New Program Designed to Help Women Succeed, Remain in STEM Professions
Weatherhead School of Management at Case Western Reserve University establishes Leadership Lab for Women in science, technology, engineering and mathematics
CLEVELAND—Case Western Reserve University's Weatherhead School of Management has established an executive education program that begins March 27 for women in science, technology, engineering and mathematics (STEM) professions and the companies interested in retaining them.
Leadership Lab for Women in STEM provides professional and leadership development for women in technology-driven, traditionally male-dominated professions. Program planners say the Leadership Lab will help participants identify strategies and develop organizational skills and competencies for a successful long-term STEM career.
The new Leadership Lab is designed for:
Women in STEM professions interested in developing professional and leadership skills to flourish in male-dominated STEM organizations.
Women in STEM who want to advance into roles with more responsibility, but are not sure how, or have attained success, but want to change the culture of their organizations.
Executives and managers, or those in human resources or other support roles, who want to do more to retain women in STEM organizations.
The six-day program—intended for women of all stages in their careers—focuses on professional development and leadership strategies taught at Weatherhead’s Organizational Behavior Department, internationally known for teaching appreciative inquiry, emotional intelligence and competency-based leadership development. Program dates and topics: March 27–28, Women in STEM: Bias, Barriers, and Opportunities; May 21–22, High-impact Leadership for Women in STEM (plus optional experience on May 23) ; June 26-27, Skills and Strategies for Leading the Way Forward in STEM. The Leader Lab program can be adapted to an organization's needs. (Email firstname.lastname@example.org to learn more.)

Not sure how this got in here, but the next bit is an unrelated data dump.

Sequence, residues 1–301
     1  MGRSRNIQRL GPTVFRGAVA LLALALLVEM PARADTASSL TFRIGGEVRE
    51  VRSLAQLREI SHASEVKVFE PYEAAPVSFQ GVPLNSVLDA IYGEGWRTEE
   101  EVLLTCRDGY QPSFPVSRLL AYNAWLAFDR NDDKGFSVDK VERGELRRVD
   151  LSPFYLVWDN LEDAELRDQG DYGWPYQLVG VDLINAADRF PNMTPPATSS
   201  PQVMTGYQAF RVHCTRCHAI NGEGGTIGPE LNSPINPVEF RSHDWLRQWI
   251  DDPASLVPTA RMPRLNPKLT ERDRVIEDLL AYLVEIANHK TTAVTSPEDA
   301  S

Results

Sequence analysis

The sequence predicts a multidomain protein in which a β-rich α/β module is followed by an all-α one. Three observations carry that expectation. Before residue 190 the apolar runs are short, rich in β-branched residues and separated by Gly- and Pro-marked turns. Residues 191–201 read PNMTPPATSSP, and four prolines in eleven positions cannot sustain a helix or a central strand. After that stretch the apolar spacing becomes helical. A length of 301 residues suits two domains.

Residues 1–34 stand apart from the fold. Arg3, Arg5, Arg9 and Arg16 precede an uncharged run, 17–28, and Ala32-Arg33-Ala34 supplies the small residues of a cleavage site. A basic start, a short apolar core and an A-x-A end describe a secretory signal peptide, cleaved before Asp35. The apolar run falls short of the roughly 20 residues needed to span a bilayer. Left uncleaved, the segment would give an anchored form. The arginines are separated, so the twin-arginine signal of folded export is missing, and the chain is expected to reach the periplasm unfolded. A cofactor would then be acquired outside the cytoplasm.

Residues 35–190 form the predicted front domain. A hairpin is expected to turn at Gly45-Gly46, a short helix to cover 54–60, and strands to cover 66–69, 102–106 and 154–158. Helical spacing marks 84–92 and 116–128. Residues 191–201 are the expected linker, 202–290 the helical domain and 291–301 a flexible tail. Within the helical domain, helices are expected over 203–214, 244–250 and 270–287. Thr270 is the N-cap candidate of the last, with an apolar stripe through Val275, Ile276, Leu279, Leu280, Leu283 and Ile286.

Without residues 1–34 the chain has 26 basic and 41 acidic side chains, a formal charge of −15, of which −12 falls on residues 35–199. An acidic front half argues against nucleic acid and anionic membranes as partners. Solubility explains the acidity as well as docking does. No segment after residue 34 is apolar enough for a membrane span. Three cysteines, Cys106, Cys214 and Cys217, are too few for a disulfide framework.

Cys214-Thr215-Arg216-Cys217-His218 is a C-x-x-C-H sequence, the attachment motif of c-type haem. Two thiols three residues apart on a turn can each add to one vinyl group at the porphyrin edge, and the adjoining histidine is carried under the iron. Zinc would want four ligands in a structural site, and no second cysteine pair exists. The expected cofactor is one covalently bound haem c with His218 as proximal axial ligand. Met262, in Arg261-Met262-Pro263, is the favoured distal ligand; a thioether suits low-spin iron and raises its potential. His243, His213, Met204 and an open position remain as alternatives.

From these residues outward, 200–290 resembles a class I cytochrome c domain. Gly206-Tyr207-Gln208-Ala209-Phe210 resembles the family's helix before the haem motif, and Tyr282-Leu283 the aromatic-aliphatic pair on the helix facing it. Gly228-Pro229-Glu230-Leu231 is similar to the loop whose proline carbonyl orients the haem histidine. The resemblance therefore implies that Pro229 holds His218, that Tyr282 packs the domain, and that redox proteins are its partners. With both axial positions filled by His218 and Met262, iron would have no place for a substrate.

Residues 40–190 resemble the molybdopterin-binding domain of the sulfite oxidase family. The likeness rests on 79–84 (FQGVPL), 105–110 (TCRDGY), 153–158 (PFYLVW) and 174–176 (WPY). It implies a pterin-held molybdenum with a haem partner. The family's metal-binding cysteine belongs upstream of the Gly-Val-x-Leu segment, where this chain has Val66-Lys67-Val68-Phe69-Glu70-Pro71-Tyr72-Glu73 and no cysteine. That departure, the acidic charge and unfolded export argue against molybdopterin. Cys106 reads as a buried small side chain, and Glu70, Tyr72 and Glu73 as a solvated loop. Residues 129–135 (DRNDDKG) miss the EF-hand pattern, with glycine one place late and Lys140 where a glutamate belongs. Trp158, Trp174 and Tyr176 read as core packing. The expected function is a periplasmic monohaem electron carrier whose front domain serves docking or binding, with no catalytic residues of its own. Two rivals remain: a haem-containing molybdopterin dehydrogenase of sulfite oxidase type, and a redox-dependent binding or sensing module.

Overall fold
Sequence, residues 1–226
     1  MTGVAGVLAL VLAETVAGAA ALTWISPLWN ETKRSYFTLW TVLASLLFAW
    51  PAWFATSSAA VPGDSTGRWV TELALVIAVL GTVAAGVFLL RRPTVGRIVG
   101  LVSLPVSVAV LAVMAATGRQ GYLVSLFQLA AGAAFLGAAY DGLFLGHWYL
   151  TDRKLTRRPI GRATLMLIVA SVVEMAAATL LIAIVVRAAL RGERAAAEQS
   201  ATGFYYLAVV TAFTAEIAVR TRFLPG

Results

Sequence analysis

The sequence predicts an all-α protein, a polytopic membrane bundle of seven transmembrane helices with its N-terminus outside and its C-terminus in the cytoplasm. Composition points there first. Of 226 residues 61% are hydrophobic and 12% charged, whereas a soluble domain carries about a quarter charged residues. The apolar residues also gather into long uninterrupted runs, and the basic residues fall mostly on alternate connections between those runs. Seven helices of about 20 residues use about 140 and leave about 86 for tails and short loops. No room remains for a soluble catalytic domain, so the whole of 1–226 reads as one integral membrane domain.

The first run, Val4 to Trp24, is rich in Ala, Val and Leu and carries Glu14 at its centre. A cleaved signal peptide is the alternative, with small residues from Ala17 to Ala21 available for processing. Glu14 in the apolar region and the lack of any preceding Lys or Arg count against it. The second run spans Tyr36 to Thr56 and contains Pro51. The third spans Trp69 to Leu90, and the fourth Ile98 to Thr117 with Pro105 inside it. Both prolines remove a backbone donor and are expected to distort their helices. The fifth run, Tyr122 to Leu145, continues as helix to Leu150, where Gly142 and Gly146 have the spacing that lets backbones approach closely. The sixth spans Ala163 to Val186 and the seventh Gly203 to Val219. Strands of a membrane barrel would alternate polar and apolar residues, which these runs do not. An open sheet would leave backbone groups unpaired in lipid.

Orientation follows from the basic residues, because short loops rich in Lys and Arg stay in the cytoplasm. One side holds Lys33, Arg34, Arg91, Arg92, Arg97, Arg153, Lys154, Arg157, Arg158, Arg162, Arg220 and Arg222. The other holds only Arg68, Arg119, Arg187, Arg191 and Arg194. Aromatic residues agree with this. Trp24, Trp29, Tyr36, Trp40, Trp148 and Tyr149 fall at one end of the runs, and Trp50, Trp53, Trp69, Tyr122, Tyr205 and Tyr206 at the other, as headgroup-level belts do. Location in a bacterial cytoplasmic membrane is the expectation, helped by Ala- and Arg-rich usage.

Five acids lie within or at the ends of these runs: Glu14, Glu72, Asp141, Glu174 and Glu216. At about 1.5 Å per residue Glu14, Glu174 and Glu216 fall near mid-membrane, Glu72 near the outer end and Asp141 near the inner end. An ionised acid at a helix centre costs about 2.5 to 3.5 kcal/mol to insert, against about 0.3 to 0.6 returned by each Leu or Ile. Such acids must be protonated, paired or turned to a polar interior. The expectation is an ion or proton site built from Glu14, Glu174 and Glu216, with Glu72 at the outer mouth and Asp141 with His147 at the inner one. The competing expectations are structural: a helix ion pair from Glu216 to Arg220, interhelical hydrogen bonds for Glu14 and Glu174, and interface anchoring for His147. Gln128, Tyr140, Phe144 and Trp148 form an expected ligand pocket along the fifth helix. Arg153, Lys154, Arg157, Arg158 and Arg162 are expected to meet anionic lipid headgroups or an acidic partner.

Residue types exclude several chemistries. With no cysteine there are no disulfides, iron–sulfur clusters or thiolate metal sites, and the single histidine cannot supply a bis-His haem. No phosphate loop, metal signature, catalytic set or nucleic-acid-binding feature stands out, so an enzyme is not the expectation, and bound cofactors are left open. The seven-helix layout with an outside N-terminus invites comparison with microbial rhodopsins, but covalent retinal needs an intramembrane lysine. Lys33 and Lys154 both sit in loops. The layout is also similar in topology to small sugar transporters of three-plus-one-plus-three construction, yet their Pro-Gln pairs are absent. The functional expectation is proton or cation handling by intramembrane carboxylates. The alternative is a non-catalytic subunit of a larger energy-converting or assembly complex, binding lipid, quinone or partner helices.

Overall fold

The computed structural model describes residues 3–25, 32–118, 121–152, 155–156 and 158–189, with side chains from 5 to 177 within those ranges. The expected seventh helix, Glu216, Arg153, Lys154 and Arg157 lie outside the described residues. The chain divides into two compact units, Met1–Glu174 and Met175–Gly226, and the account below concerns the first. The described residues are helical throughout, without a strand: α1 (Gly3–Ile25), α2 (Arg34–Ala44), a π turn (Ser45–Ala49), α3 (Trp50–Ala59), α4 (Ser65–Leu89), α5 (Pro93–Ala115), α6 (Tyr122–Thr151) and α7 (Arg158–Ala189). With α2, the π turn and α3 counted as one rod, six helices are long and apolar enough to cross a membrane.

A 2012 report from the President's Council of Advisors on Science and Technology predicts a deficit of 1 million STEM workers nationally by 2022, because improvement is needed in student recruitment and retention in those fields. The report calls for increasing the number of women graduating with STEM degrees. A U.S. Department of Commerce report in 2011 determined that several factors contribute to the discrepancy of women and men in STEM jobs, including a lack of female role models, gender stereotyping and less family-friendly flexibility in STEM fields.
Weatherhead’s KeyBank Professor Diana Bilimoria, chair of the Organizational Behavior Department, explained that the Leadership Lab recognizes complex, multi-level organizational factors that affect women’s ability to achieve and succeed in the STEM professions.
“In fact, previous research has shown that women leave these professions at twice the rate of their male colleagues," said Bilimoria, who studies leadership, governance and gender diversity in organizations. Bilimoria, Kathleen Buse and Ellen Van Oosten are the Leadership Lab's faculty members. Buse and Van Oosten have academic and industry backgrounds in engineering.
Buse and Bilimoria, in their research article "Women Who Persist" published in the fall 2013 Edition of SWE Magazine (the publication of the Society of Women Engineers), analyzed why women in engineering either stay in the field or seek other careers.
They note that the number of women with undergraduate engineering degrees increased from 5 percent in 1980 to more than 20 percent today, but that women represent only 10.5 percent of employed engineers nationally—a share that’s remained relatively unchanged since the mid-1990s. Women often leave the profession because of workplace hostility, non-supportive managers, demanding schedules, or lack of flexibility for family needs, they reported.
Buse and Bilimoria sought to determine why women engineers choose to stay in the profession. They found that those who persist "described themselves as confident, optimistic and hopeful. They talked about themselves in terms of their identity as an engineer, and when confronted with obstacles that might inhibit their goals, they adapted.”
Buse worked at Kodak 18 years, becoming a high-level manager in film manufacturing. She later worked at Lubrizol, Avery Dennison and Sherwin-Williams before enrolling at Case Western Reserve in 2008 to earn a PhD.
"Universities teach skills to solve problems of a technical nature,” Buse said. “When someone graduates in engineering, or with a STEM degree, we're not giving them the skills they need to be successful in an organization. This Leadership Lab bridges the gap between what one would learn in a technical field and being successful in an organization, understanding the dynamics going on and the behaviors within an organization."